What to do with the Indigenous voices Canberra finds inconvenient

How do you solve a problem like Jacinta?

When ABC’s Triple J profiled Jacinta Nampijinpa Price almost a decade ago, she was sporting a mohawk and dark eye makeup.

Country Liberal senator Jacinta Price delivering her first speech in the Senate.Credit:James Brickwood

At the time, surely nobody at the national broadcaster would have predicted that within 10 years the blues, soul and folk singer would be described as a “conservative firebrand” and Sky News favourite.

When Price appeared on the ABC last week, this time on Q+A, it was as a newly minted Country Liberal senator.

Responding to an audience question, Price said she probably wouldn’t support an Indigenous Voice when there are more pressing issues facing Indigenous communities.

The prime minister has said he is confident the referendum will succeed but that he welcomes the debate. However, by referring to the Voice as amounting to “common decency”, Anthony Albanese has sought to paint its opponents as somehow lacking that quality.

What is to be done then when the opposition comes from within the Indigenous community?

Price is a Warlpiri-Celtic woman who, along with 10 other Indigenous voices, was elected to the 47th parliament, without the need for any constitutional change.

In her maiden speech, she pointed out that Indigenous Australians are not a unity ticket when it comes to supporting the Uluru Statement from the Heart.

It would be easy to dismiss Price as just a darling of right-wing commentators.

Senator Jacinta Price taking part in a traditional ceremony with her grandmother, Tess Napaljarri Ross, before delivering her first speech in the Senate.Credit:James Brickwood

It would also be foolish.

When Price says there are more pressing issues than the Voice facing Indigenous communities, she speaks from personal experience.

Price fell pregnant with her first child at 17, completing year 12 assessments while in hospital with early contractions.

As a victim of domestic violence in a subsequent relationship, Price was forced to flee her partner after he attacked her with a lamp. Soaked in blood, she ran to a neighbouring property, believing if she didn’t get away she was going to die.

Price’s aunt and nephew were both murdered, the latter the result of a family feud.

While we talk about the hardships facing Indigenous communities, she has lived them.

In a 2016 speech to the National Press Club, Price spoke of how, in many cases of brutality, she was related to both the victim and perpetrator. She said she had been encouraged to ignore the fact they had committed acts of physical and sexual violence against someone she loved.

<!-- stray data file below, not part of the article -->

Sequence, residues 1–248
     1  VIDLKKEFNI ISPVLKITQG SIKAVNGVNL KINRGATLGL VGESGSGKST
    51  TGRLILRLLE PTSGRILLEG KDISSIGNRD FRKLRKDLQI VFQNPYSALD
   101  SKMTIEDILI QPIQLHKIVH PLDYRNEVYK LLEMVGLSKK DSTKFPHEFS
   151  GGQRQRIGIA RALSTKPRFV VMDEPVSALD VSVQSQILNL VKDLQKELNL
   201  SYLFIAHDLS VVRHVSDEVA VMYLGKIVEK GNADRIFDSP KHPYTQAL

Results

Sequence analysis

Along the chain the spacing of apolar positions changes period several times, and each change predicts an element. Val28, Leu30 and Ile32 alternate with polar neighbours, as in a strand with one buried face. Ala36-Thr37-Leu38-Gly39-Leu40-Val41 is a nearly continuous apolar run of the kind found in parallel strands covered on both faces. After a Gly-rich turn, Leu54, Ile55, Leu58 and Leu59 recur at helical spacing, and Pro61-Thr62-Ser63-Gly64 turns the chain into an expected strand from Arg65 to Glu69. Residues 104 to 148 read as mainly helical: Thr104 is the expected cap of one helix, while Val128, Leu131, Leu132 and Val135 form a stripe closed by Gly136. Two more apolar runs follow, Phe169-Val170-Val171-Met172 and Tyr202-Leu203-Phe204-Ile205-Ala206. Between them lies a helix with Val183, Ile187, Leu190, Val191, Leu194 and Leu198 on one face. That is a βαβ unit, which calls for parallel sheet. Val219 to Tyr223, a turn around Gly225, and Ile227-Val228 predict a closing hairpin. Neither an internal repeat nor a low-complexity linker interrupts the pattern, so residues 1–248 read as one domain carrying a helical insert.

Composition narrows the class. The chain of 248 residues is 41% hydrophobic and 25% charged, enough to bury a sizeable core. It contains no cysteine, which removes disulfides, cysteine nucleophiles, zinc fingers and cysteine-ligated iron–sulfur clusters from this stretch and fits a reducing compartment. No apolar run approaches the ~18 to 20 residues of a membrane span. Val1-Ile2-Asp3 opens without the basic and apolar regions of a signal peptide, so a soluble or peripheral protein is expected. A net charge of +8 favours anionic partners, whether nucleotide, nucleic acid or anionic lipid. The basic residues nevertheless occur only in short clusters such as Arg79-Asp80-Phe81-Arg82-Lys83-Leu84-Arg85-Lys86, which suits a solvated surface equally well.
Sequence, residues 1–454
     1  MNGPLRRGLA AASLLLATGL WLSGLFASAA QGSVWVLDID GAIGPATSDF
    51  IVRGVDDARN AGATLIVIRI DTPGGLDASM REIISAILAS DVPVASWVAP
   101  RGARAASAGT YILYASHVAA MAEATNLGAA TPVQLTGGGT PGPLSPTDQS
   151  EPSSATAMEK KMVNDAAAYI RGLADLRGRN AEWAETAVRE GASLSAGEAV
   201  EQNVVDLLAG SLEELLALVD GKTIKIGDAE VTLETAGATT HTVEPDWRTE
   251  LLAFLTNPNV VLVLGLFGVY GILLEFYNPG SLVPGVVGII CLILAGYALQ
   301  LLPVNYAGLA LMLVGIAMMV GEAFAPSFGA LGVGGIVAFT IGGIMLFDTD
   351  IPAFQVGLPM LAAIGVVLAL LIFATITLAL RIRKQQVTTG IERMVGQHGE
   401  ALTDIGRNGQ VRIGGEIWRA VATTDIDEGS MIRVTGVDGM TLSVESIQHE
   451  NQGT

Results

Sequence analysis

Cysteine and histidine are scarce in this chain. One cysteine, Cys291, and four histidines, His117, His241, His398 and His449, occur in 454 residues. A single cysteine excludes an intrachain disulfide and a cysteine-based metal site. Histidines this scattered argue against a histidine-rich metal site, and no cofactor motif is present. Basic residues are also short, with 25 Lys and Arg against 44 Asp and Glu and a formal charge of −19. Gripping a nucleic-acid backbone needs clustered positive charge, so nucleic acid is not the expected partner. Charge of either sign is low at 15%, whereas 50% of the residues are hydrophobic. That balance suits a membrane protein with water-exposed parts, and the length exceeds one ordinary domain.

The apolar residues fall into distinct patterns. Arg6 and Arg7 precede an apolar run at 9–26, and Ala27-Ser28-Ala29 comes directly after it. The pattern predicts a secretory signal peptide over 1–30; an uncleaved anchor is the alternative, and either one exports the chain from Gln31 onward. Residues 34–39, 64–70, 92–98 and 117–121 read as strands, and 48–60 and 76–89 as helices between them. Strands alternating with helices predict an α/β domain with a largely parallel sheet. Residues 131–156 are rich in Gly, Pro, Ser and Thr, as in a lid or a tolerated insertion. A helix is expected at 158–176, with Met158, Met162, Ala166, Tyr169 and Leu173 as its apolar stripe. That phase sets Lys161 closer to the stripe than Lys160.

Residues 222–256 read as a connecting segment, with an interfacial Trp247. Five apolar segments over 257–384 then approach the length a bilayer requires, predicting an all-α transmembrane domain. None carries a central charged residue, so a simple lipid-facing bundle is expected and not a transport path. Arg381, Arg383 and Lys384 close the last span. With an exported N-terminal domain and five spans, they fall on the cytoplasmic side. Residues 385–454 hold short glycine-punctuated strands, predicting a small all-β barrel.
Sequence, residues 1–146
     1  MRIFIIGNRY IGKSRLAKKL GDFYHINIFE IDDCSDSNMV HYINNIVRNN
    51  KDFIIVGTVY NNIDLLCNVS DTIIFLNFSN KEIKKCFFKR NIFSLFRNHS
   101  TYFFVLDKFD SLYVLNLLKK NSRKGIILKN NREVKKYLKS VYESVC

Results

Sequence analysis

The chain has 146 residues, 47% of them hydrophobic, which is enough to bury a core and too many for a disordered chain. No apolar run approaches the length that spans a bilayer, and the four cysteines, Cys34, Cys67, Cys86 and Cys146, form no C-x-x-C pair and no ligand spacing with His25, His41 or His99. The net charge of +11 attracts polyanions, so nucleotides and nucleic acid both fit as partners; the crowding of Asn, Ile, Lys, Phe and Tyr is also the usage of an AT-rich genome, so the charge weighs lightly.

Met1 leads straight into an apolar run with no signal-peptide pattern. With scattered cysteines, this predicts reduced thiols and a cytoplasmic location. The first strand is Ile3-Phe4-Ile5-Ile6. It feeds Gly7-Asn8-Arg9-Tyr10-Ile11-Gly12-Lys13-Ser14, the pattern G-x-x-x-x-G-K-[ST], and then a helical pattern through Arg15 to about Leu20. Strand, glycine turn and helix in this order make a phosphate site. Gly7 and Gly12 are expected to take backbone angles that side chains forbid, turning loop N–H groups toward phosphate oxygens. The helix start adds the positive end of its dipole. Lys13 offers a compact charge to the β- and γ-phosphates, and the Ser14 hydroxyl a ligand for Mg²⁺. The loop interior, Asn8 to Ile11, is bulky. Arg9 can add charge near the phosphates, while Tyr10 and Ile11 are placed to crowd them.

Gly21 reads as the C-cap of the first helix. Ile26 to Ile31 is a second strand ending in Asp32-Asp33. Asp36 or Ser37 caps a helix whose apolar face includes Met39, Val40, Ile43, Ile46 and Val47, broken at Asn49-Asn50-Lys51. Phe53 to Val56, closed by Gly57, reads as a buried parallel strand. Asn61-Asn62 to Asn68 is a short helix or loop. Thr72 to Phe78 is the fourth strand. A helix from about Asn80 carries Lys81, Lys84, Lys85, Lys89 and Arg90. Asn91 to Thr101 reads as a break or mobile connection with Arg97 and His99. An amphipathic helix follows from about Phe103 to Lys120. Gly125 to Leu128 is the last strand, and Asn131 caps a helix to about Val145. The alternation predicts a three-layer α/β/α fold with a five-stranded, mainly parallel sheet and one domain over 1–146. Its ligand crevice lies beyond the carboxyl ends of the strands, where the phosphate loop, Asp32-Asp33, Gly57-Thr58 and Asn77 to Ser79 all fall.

Price came to political prominence after having the courage to expose family violence and sexual abuse in her own community and challenging the “cultural excuses” that protect perpetrators.

On her decision to speak out, she said: “I got to a point in my life where we had that many deaths in our family. We had that many women traumatised by family violence and children traumatised by family violence. And this ‘growing up yapa [Aboriginal] way’ is always like, you don’t talk about the really tough things. You pretend like they don’t exist … You’re supposed to turn a blind eye to that. And I think I got to a point where I went, ‘I’ve had enough of this’. And I became quite vocal.”

In her maiden speech, Price said the government had failed to show how a Voice would deliver practical outcomes for Indigenous people and noted in that very week that there were two clear examples of governments’ “failure to listen” to them.

The first was the recent decision in the Northern Territory to lift alcohol bans that Price says will allow “the scourge of alcoholism and the violence that accompanies it free rein, despite warnings from elders of those communities about the coming damage”.

The second was the removal of the cashless debit card that, according to Price, has allowed families to “feed their children rather than seeing their money claimed by kinship demand from alcoholics, substance abusers and gamblers in their family group”.

Having run an election scare campaign on the cashless debit card nationwide, the government had little choice but to make good on its promise to abolish it.

But it was difficult listening to Price as she rose in the Senate to talk about the consequences that will flow from that decision.

Price has been speaking to income management recipients since the first trials in 2001 and her voice choked with emotion as she shared stories of how it has improved the lives of Indigenous women and children.

She called on her parliamentary colleagues to “get out to some of these remote communities, where people – who are out of sight, out of mind to you – can’t clearly articulate to you because English is not their first language”.

She says she will bring to parliament their messages “over and over again” because “we’re trying to save lives here not toe the line of ideology”.

Whether it is the Voice, the movement to change the date of Australia Day or acknowledgements of country, Price says she has had more than her fill of being symbolically recognised.

She laments that “we spend days and weeks each year recognising Aboriginal Australia in many ways, in symbolic gestures that fail to push the needle one micro-millimetre toward improving the lives of the most marginalised in any genuine way”.

Price’s arrival in Canberra makes us question which Indigenous voices the government is prepared to listen to and how it will respond to those it finds inconvenient.

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